§ Mr. Carter-Jones
asked the President of the Board of Trade (1) if he will describe the methods used for investigating whether or not dumping has taken or is taking place; what action is taken against firms or countries proved to be responsible for dumping; and if he will make a statement;
(2) if, in view of the widespread concern on this matter, he will take steps to provide more effective penalties for those responsible for the dumping of goods in this country; and if he will make a statement;
(3) by what date it is Her Majesty's Government's policy to seek to have enacted the anti-dumping legislation; if he will publish in advance an outline of 429W the main provisions of the Bill; and if he will make a statement.
§ Mr. Crosland:
When an application is made under the Customs Duties (Dumping and Subsidies) Act, 1957, the applicants are asked to provide prima facie evidence that dumping is taking place and the Board's officials then investigate in detail the prices of the suppliers' shipments to this market, their domestic prices and other relevant factors in order to establish whether dumping is occurring within the meaning of the Act and the margin of dumping. If necessary, they visit the suppliers overseas so as to examine their records on the spot. I have sent my hon. Friend a copy of the notes which the Board issue to applicants and which give further particulars.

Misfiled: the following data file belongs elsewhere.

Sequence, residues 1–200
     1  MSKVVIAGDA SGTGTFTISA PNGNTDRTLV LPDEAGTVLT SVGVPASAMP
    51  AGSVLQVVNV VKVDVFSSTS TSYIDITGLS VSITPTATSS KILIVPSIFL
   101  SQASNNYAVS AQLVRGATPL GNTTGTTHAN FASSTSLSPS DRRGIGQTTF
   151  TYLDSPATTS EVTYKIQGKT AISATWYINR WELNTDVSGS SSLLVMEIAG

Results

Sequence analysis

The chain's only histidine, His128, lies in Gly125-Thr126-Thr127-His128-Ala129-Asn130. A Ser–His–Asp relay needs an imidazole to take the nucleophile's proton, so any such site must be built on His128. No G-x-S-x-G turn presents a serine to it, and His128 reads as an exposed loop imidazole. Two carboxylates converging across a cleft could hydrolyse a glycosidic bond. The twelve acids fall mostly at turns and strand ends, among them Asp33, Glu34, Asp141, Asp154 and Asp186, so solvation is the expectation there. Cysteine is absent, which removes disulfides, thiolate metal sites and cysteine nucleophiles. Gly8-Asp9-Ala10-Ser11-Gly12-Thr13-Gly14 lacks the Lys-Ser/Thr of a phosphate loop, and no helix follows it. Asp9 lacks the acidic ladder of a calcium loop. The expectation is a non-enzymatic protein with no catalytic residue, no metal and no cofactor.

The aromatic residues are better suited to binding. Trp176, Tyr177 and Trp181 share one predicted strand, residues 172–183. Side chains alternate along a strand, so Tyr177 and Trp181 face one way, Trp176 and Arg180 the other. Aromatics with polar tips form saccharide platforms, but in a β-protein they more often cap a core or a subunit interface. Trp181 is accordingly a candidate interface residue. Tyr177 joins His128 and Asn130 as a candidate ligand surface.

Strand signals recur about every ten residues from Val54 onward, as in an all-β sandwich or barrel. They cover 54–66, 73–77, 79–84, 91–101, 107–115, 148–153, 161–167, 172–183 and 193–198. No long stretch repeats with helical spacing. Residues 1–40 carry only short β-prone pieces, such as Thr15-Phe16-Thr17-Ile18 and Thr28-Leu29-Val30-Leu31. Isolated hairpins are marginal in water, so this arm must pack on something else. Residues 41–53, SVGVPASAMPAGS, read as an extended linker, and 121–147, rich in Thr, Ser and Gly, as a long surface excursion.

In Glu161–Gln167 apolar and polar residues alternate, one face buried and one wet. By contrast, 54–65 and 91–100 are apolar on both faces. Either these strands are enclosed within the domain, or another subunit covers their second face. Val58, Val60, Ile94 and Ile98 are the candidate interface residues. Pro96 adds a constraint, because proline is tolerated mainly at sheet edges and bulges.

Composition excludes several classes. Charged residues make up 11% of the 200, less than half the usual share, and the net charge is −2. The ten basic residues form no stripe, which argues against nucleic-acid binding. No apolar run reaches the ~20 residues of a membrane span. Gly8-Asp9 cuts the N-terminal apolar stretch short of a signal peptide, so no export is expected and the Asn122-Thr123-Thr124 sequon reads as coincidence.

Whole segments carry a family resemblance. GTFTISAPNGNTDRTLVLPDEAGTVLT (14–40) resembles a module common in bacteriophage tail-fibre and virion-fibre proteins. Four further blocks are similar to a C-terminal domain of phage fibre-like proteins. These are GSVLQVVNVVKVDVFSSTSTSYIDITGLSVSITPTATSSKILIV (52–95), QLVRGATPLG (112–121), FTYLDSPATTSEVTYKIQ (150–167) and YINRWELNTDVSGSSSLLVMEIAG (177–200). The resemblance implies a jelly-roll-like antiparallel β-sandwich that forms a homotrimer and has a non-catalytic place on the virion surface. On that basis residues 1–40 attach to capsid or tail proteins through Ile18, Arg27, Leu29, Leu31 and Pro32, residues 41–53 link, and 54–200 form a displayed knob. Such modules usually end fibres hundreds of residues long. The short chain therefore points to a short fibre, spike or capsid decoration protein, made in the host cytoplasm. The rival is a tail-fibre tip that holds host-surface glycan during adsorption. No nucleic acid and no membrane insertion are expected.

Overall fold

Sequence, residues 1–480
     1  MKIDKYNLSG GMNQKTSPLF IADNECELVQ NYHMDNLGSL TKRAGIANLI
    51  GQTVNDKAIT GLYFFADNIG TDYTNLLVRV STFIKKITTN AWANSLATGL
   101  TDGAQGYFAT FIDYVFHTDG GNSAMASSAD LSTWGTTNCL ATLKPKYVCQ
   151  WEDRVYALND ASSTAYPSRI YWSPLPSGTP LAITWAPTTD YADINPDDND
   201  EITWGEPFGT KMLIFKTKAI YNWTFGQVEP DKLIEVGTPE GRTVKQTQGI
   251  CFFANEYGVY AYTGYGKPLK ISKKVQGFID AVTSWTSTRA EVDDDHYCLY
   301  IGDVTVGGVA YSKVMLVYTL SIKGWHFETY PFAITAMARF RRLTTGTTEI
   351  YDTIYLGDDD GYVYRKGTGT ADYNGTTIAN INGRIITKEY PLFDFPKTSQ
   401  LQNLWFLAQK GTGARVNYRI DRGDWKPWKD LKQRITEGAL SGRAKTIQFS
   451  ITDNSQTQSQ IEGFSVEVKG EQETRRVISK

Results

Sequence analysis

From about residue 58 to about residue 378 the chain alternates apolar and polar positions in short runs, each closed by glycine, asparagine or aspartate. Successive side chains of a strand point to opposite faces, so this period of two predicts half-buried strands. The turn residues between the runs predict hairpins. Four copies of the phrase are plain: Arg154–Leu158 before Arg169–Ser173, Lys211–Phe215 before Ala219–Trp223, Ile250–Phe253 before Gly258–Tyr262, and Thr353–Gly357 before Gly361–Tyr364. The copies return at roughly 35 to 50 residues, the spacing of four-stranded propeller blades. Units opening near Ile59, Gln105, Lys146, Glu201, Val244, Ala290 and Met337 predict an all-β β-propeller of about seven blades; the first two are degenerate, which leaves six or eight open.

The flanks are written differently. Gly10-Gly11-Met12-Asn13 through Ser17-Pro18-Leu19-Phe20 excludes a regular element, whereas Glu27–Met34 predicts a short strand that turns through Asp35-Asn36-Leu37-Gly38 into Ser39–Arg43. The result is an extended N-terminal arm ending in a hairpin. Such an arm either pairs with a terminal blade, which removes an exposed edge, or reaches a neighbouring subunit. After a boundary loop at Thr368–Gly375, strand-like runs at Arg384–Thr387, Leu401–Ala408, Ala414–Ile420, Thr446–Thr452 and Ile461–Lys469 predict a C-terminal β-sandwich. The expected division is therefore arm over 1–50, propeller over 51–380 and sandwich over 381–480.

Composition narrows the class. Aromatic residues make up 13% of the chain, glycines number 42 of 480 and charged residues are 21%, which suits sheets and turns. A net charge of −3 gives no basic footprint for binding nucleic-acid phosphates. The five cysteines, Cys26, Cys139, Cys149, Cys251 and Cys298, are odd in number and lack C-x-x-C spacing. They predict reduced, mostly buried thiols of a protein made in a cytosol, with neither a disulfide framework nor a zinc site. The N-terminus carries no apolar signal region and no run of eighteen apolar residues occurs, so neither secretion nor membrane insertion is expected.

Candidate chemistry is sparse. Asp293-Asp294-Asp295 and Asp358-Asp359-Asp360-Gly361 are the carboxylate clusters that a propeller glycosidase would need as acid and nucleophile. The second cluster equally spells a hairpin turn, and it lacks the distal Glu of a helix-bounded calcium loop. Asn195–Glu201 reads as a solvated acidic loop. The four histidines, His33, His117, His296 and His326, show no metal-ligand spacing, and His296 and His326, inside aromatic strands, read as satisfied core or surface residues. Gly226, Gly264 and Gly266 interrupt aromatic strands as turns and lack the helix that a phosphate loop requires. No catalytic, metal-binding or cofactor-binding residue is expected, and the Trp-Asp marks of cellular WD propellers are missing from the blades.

The Act does not make dumping an offence or provide for penalties but in accordance with Article VI of the G.A.T.T. it enables the Board to impose anti-dumping duties when they are satisfied that the dumping is causing or threatening material injury to a British industry and that it is in the national interest to do so. Duties may be imposed by Order on imports from the firms concerned up to the margin of dumping that has been found to exist. The Board may, instead of imposing an anti-dumping duty, accept satisfactory undertakings by the overseas suppliers that dumping will stop. I am satisfied that these procedures provide effective remedies.
The main provision of the Bill to amend the Act of 1957 will give the Board powers to take provisional antidumping action in appropriate cases where a preliminary examination shows sufficient evidence of dumping and of material injury, even though the necessary full investigation has not been completed. Another provision will give the Board additional powers to determine comparable domestic prices for the purpose of dumping investigations in the case of goods from countries with a state-trading economy. It is proposed to introduce the Bill as soon as possible in the present Session.
These powers and procedures are fully in accord with Article VI of the G.A.T.T. and with the Anti-Dumping Code agreed in the Kennedy Round, which provide valuable safeguards for our own exporters against unjustified anti-dumping action by other countries.